Indonesian retail association insists malls are safe from COVID-19

Shops in South Jakarta’s Pondok Indah Mall closed due to the government’s social distancing advisory in April 2020. Photo: <em>Nadia Vetta Hamid/Coconuts Jakarta</em>
Shops in South Jakarta’s Pondok Indah Mall closed due to the government’s social distancing advisory in April 2020. Photo: Nadia Vetta Hamid/Coconuts Jakarta

Going to the mall is one of the safest activities one may partake in in Indonesia, a retail association has suggested, pushing back fears that shopping centers may be hunting grounds for the coronavirus.

The government last week said thousands of COVID-19 patients and those who have come in close contact with patients have been attempting to enter malls in the country, according to data gathered by integrated health and mobility tracking app PeduliLindungi.

 The government did not say whether or not this group of people were able to bypass mall security despite being screened out by the app, putting the sterility of malls from COVID-19 into question.

The Indonesian Shopping Centers Management Association (APPBI) yesterday claimed that malls have been diligent in turning away those who PeduliLindungi says are not eligible to enter. APPBI then turned the spotlight back to the government.

“Where did those thousands of people go after they were turned away from shopping malls?” APPBI Chairman Alphonzus Widjaja said in a written statement yesterday.

“It has been proven that shopping centers have the ability to turn away and prevent those who have been exposed to COVID-19. But what about other public facilities that may not yet have the capability to detect and turn away thousands who are positive with COVID-19?”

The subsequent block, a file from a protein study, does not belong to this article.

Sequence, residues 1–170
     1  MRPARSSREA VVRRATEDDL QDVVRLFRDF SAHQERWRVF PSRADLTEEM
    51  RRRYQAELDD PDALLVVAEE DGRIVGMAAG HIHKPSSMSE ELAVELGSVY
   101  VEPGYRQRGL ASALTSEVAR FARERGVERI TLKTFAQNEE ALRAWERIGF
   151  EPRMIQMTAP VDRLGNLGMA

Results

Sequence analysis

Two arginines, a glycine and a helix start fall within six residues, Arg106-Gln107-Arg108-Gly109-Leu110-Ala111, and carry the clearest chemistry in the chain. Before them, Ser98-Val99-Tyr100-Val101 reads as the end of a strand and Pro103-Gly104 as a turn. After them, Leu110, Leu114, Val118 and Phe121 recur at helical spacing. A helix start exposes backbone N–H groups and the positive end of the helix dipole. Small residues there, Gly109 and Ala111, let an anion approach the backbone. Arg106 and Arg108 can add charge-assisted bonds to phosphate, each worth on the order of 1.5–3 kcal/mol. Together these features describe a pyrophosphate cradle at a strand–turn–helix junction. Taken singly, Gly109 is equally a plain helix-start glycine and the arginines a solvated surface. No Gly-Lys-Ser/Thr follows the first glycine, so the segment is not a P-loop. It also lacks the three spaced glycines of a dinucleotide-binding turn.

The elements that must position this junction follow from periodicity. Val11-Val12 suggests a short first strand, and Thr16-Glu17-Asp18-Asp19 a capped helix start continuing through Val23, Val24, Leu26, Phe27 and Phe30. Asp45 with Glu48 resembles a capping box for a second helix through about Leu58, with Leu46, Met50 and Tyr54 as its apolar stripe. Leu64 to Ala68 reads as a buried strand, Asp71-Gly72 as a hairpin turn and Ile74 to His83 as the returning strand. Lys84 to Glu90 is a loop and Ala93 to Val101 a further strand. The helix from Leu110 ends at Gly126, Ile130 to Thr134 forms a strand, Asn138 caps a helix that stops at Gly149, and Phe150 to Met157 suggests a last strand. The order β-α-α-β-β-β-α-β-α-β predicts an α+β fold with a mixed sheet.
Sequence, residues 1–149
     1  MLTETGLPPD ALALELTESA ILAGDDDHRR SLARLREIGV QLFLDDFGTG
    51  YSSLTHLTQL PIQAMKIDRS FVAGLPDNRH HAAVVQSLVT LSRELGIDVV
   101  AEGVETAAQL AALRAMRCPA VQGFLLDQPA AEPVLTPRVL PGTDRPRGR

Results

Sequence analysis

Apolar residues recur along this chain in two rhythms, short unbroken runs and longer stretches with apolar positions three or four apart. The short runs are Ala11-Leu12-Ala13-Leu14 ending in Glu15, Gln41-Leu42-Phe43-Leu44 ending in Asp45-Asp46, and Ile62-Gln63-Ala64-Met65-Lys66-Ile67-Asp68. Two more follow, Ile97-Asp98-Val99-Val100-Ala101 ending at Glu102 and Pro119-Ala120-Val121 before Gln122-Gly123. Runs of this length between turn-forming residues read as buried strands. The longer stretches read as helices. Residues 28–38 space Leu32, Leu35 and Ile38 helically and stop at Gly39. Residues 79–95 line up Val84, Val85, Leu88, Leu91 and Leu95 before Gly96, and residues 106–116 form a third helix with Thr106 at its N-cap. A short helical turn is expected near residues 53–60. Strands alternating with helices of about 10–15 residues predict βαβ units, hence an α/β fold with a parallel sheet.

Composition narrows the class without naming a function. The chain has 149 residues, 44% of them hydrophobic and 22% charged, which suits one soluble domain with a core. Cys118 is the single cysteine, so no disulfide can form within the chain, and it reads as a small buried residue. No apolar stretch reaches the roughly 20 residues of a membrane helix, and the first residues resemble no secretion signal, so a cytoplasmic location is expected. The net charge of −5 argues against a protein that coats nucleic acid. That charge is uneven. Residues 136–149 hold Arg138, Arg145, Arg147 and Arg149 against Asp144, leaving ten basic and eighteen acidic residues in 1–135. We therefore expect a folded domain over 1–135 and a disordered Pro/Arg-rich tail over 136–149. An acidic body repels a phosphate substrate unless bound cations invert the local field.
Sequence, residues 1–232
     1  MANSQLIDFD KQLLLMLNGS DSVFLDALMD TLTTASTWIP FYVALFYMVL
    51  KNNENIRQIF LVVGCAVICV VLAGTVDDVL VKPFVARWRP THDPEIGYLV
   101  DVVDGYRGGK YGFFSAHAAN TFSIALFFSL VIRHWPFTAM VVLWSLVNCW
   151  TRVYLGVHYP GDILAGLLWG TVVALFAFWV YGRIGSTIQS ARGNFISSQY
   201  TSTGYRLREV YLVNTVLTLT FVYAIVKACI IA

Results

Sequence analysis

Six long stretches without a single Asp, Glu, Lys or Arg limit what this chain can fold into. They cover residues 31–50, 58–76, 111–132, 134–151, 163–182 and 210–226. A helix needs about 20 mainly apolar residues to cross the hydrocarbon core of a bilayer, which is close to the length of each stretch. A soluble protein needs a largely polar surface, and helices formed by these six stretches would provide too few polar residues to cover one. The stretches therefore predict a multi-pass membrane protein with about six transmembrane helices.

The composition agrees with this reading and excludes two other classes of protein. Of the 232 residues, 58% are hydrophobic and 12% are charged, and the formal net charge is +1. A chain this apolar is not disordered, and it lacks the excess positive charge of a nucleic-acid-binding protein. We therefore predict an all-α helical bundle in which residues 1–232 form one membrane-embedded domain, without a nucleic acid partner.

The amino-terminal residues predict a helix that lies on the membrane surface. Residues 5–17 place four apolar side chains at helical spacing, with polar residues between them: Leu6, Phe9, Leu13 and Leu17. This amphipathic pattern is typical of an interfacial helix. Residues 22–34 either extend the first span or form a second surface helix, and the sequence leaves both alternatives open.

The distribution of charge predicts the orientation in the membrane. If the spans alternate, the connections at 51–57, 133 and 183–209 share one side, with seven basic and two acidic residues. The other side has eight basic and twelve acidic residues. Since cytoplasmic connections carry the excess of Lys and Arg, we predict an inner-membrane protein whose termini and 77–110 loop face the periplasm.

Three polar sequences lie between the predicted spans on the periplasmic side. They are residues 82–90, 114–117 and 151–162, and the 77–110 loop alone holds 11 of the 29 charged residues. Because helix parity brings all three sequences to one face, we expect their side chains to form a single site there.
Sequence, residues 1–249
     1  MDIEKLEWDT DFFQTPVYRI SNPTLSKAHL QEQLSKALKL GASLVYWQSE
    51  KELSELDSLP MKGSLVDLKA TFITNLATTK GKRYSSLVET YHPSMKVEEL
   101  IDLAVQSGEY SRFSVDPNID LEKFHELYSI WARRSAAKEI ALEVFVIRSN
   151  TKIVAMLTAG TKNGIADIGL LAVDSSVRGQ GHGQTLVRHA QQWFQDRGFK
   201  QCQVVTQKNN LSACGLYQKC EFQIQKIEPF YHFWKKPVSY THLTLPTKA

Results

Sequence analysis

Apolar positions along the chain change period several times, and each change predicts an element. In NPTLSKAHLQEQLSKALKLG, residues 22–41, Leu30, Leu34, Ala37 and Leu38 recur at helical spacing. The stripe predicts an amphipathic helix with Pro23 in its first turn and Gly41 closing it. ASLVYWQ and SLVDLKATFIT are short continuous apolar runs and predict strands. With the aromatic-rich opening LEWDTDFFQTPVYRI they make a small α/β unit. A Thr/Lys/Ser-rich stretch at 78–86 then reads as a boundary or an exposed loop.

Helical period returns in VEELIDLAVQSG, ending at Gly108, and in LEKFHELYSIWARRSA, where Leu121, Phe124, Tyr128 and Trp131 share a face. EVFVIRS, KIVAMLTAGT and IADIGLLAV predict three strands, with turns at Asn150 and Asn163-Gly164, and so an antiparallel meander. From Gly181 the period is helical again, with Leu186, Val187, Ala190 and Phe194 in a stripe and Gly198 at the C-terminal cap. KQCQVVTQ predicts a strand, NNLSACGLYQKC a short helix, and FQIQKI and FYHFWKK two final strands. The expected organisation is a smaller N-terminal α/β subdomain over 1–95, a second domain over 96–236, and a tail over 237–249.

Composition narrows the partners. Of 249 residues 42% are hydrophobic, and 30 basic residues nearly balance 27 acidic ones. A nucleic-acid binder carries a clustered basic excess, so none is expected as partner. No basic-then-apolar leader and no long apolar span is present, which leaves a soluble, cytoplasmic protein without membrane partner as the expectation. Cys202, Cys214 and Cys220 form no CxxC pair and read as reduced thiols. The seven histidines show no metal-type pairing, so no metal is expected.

The association has long been a vocal critic of the government’s lockdown measures, especially during Indonesia’s devastating June-August COVID-19 wave when malls were ordered to shut and later allowed to reopen with tight restrictions.

Among those restrictions is how only those with proof of vaccination in PeduliLindungi are allowed to enter, ruling out children under the age of 12. However, APPBI is now arguing that malls are safe destinations for parents to take their children out of the house for quality family time.

APPBI was at least right in implying the government’s lack of monitoring towards those who have or have been exposed to COVID-19. Following the publication of PeduliLindungi data last week, the government said it would only require the group to isolate if they continue to go out and about despite posing serious risk of infection to others.

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CITY: JAKARTACATEGORY: LIFESTYLESUB-CATEGORIES: LIFESTYLE NEWS, RETAIL THERAPYTAGS:

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